"For what will it profit a man if he gains the whole world and forfeits his soul? Or what will a man give in exchange for his soul?" (Matthew 16:26-27)

In the movie, "A Man for All Seasons", Sir Thomas More is put on trial for his life for denying that King Henry VIII's new wife, Ann Boleyn, was rightfully queen, whose children would be heirs to the throne of England. As the former Lord High Chancellor of England, his opinion counted for much in England and Henry wanted him to come fully out in favor of Parliament's Acts of Succession and Supremacy (the supremacy of the King rather than the Pope over the Church in England). Thomas More rightly maintained that he could not be convicted of treason for denying the said acts simply for refusing to take the oath affirming them. He was silent but silence should be construed, according to the law, with consent rather than denial. Therefore, in order to convict Thomas More, the prosecution produced a witness who falsely testified that he had heard Thomas deny that Parliament had the power to make the king the head of the Church in England. It was obvious the man was lying but it was just the pretext needed to bring in a jury's verdict of "guilty".

In the movie, Thomas More requests the court to allow him one last question of the witness: "That's a chain of office you're wearing. May I see it? (Thomas looks at the medallion on the chain and says) The Red Dragon. What's this?" The prosecutor answers, "Sir Richard is appointed Attorney General for Wales." Thomas replies, "For Wales. Why Richard, it profits a man nothing to give his soul for the whole world - but for Wales?" The chain of office around Sir Richard's neck plainly showed what he had been paid by the prosecution in order to lie. Wales is a tiny bit of land as compared with the whole world and that Richard would sell his soul for it by committing perjury was a high bit of irony brought out by Thomas More in the movie. (Not having the transcript of the actual trial I do not know if the real Sir Thomas More actually spoke these words.)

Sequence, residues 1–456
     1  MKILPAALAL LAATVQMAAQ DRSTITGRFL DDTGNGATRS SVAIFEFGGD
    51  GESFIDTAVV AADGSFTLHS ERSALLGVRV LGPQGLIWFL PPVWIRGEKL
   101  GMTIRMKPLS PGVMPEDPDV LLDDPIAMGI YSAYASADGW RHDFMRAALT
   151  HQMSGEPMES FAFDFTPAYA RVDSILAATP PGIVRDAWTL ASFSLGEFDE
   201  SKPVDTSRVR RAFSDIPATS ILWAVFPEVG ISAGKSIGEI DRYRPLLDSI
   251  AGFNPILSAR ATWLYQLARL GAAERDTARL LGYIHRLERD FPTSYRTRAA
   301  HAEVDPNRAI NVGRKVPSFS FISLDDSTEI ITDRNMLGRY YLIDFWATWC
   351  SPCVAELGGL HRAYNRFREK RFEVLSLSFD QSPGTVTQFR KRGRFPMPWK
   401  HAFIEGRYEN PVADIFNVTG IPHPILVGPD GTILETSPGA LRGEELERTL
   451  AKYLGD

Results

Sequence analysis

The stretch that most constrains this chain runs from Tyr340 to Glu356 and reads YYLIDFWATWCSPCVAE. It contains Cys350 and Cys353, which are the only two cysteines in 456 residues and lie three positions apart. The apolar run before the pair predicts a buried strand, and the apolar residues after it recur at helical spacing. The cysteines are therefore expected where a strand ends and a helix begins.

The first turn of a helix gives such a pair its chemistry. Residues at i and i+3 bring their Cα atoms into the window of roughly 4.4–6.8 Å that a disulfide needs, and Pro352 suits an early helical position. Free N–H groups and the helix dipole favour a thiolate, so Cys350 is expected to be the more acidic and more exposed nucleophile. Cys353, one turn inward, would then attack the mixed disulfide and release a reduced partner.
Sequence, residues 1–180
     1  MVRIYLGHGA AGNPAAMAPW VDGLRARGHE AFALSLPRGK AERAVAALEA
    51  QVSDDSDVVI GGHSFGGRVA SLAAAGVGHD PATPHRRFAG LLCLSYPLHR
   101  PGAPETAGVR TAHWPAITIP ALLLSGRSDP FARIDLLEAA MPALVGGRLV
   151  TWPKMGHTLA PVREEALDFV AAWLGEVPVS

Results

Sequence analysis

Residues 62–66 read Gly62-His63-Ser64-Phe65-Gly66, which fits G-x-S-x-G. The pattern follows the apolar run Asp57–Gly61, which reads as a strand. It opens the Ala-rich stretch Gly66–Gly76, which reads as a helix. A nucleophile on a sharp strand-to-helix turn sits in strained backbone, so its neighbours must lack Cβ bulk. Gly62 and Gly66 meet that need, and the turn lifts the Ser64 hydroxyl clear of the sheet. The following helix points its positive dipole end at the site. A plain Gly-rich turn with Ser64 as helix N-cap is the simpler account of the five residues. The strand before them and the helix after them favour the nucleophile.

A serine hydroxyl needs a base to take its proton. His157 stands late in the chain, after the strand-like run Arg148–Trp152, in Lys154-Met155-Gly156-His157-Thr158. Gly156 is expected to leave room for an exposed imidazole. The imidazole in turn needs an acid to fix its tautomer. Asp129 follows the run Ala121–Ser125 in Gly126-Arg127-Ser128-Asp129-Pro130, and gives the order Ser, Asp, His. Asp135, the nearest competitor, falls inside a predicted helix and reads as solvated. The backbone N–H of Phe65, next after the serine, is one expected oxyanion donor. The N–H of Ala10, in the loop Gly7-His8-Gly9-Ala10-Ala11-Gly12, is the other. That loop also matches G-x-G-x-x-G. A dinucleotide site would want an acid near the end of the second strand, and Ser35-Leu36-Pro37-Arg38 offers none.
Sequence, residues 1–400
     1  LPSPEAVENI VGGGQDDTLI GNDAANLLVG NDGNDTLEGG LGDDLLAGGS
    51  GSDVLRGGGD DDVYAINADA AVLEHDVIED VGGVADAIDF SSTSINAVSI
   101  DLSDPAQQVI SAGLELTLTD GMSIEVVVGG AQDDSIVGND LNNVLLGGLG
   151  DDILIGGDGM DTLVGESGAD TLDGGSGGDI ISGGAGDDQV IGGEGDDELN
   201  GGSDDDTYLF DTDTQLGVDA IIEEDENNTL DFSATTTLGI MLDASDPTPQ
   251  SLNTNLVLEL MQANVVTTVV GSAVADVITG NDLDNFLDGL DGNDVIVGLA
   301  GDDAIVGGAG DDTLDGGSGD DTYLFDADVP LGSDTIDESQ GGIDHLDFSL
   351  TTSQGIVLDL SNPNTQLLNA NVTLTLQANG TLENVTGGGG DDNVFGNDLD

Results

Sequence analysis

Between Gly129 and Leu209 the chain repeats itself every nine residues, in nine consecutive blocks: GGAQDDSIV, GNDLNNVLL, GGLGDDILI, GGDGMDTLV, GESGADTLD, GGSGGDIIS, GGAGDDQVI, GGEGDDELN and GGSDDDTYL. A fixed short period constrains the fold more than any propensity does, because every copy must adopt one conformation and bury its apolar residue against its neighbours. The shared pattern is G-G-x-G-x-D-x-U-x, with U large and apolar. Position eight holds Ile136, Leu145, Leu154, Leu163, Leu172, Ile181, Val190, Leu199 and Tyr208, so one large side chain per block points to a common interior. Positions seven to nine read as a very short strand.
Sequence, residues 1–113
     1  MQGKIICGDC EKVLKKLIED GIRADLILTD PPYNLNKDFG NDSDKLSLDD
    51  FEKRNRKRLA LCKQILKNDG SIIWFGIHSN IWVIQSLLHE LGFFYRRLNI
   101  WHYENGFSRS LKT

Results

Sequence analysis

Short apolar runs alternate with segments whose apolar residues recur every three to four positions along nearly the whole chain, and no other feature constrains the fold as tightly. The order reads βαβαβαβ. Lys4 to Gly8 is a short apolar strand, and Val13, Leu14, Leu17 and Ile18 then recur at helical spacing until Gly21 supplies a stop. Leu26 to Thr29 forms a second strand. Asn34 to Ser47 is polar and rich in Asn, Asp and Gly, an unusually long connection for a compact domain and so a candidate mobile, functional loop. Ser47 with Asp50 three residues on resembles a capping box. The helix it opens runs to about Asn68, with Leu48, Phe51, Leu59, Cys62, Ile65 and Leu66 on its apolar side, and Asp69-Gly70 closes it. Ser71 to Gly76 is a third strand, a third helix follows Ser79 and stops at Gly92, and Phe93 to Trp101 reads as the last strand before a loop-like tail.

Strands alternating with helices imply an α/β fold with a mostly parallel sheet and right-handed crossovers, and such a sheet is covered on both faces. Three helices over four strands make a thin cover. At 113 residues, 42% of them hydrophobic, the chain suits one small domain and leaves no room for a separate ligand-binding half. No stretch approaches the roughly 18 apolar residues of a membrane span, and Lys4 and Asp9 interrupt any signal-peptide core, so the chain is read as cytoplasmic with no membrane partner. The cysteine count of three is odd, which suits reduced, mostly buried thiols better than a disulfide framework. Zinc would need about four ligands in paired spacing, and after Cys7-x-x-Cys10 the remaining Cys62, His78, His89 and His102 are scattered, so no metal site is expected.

Sir Richard Rich did not sell his soul as cheaply as most of us do. In fact, the Bible records several instances that make his sell-out seem pale by comparison. For instance, Adam and Eve sold their souls to the devil for a piece of fruit! Esau sold his for a pot of lentil stew. The Israelites would rather have had the "leeks and the onions" of Egypt than enter the Promised Land, "flowing with milk and honey." David was willing to cash in his relationship with God for a one-night stand with Bathsheba. Thankfully, he repented before it was too late. Judas sold his soul for thirty pieces of silver - and he never got it back. C. S. Lewis is quite right in observing that our problem is not that we want too much but that we want too little. We over-value pale, paltry things that are here today and gone tomorrow and grossly undervalue those things that are of infinite worth and eternal substance. A soul is one of those things - your soul, for instance.

At what price do you evaluate your soul? Jesus said it is worth more than the whole world. Only a few have aspired to gain the whole world. Alexander the Great wept when his soldiers compelled him to turn back after having conquered the world from Greece to the Indus River. Napoleon thought he could take not only Europe but the East if he could but conquer and keep Egypt. Hitler supposed that at the successful conclusion of his conquest of the Soviet Union he and the Japanese Emperor would eventually have to decide by war between them who would rule the world! Despite these ambitions, no one has succeeded. All the most extensive empires have come and gone, from that of Genghis Khan to that of Great Britain, but none have encompassed the whole world.